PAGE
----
You do see with many revolutions many so-called ‘moderates’ who go along with revolutions to a point but get pushed aside by those more radical, such as the Presbyterians in the English revolution, the likes of Lafayette in France, Kerensky in Russia, many of the non-Communist Cubans who allied with Castro against Batista etc. And more trivially, the kind of people who say they were in favour of affirmative action and gay marriage but are queasy about BLM violence and kids getting gender transition surgery. I don’t really think such people are conservatives even if they eventually baulk at the increasing radicalism of revolutionists.

    Although there are exceptions (e.g. Hitler, Mussolini – revolutionaries but particularist and inegalitarian rather than universalist/egalitarian), most modern day revolutionaries have universalist ideologies. What I perceive as genuine conservatism has to have some kind of traditionalist and particularist flavour. I’m comfortable with English and French conservatism having different emphasises, let alone Chinese or Indian conservatism, for example.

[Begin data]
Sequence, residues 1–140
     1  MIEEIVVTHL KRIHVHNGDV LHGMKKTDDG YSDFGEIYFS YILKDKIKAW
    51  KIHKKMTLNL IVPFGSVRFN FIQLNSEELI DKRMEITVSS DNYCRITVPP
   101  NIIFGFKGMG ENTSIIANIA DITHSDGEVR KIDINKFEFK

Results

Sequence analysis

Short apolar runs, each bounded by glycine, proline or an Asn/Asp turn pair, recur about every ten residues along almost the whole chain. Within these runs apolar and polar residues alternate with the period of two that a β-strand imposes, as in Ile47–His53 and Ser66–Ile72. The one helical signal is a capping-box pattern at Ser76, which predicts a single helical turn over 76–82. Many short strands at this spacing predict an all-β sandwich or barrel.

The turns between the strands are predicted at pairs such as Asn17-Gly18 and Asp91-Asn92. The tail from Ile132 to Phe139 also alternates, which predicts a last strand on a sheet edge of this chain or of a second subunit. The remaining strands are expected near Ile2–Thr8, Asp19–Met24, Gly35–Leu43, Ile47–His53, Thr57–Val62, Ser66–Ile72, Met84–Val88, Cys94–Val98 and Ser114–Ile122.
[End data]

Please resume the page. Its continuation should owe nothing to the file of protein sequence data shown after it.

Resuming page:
that is true of Burke-conservatives but not of Maistre-conservatives. The latter often have more affinity for fascists than for classical liberals.

    Please elaborate who these ‘Maistre-conservatives’ are and who the ‘fascists’ they supposedly have affinity for.

  • Snorri Godhi

    A postscript to my previous comment:
    Contra bobby, “Chesterton-fence” conservatism is indeed a small-government philosophy: it makes people skeptical about change initiated by government. Sure, some change initiated by government increases freedom, but most such change doesn’t, so it is libertarian to be skeptical about change (but not dogmatically opposed to change).